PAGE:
Google has come under fire this week as its takeover bid for Doubleclick, an online advertising and click marketing provider, has been criticised for potentially creating a marketing monster that may not only monopolise the market and limit customer choice but could potentially threaten the privacy of consumers.
Earlier this week the Associated Press (AP) reported that a European consumer group had called for an investigation into the acquisition, stating that the buy-out damaged European privacy rights and limited consumer choices.
Brussels based consumer group BEUC had appealed to the European Commission and other European authorities to look into privacy concerns relating to the deal, although there had yet to be any request submitted from the two companies for EU approval.
The fear seems to be that with two huge databases at their disposal, any merger could create an advertising empire that would result in a monopoly.
The BEUC’s main concern however seems to be that as the world’s biggest search engine, Google’s massive database of consumer activity and the search habits of the general public would be being exploited for commercial gain.
Google has been under close scrutiny recently by the EU due to its current privacy policies and the matter of whether or not the search site stores internet users search information for too long. In an attempt to soothe EU concerns, the company did offer to cut the time it retains user data from the current 24 months to 18 months, stating that this was less time than most other search engines.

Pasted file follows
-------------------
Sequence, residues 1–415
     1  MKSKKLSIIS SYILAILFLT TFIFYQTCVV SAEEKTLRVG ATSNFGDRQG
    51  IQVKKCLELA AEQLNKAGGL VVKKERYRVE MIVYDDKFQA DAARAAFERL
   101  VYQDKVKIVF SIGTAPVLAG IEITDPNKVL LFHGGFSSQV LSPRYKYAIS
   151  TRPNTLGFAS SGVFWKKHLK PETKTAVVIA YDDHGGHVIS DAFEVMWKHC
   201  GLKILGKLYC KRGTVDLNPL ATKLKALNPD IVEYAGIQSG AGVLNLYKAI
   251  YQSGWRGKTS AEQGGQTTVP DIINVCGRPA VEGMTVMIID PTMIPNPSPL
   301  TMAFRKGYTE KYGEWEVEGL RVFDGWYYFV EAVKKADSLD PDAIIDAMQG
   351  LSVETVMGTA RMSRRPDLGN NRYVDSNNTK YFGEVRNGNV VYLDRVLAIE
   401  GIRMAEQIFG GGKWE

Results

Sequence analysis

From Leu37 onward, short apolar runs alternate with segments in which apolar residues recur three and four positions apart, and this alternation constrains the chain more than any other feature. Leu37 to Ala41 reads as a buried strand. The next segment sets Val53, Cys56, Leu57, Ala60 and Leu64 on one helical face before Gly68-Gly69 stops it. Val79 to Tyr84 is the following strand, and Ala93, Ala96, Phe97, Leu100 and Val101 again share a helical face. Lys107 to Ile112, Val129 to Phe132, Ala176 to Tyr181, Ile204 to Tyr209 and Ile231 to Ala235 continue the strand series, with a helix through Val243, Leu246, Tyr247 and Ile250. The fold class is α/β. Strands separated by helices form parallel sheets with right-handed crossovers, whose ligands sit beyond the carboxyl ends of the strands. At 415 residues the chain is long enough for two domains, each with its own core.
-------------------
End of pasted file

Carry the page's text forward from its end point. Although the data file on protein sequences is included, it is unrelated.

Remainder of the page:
Cornelia Kutterer, BEUC’s senior legal adviser told the AP that "They have so far complementary databases with private data. If they merge them, this could lead to unmatched databases of profiles. If they can combine them, this could lead to a violation of user privacy rights."
The AP also reported that in a letter to data privacy and consumer rights regulators, the BUEC wrote: "Never before has one single company had the market and technological power to collect and exploit so much information about what a user does on the internet. The unprecedented and unmatched databases of user profiles appear to be in clear violation of users privacy rights."
The deal itself is thought to be worth around US$3.1 billion (2.29 billion) and was announced in April of this year. Very quickly some industry experts began to question why Google would pay so much for a company previously estimated to be worth US$2 billion (1.47 million).
Speaking to Business Week, Dave Morgan, chairman of TACODA said that DoubleClick’s value to Google could be that despite its thriving banner, video and display advertising, Google does not have the relationships with the major online publishers and ad agencies that DoubleClick has.
The newspaper reported that DoubleClick currently has associations with Time Warner, Sports Illustrated and Viacom’s MTV Networks whereas Google has existed thus far on tiny text ads relating to searches for relatively small businesses.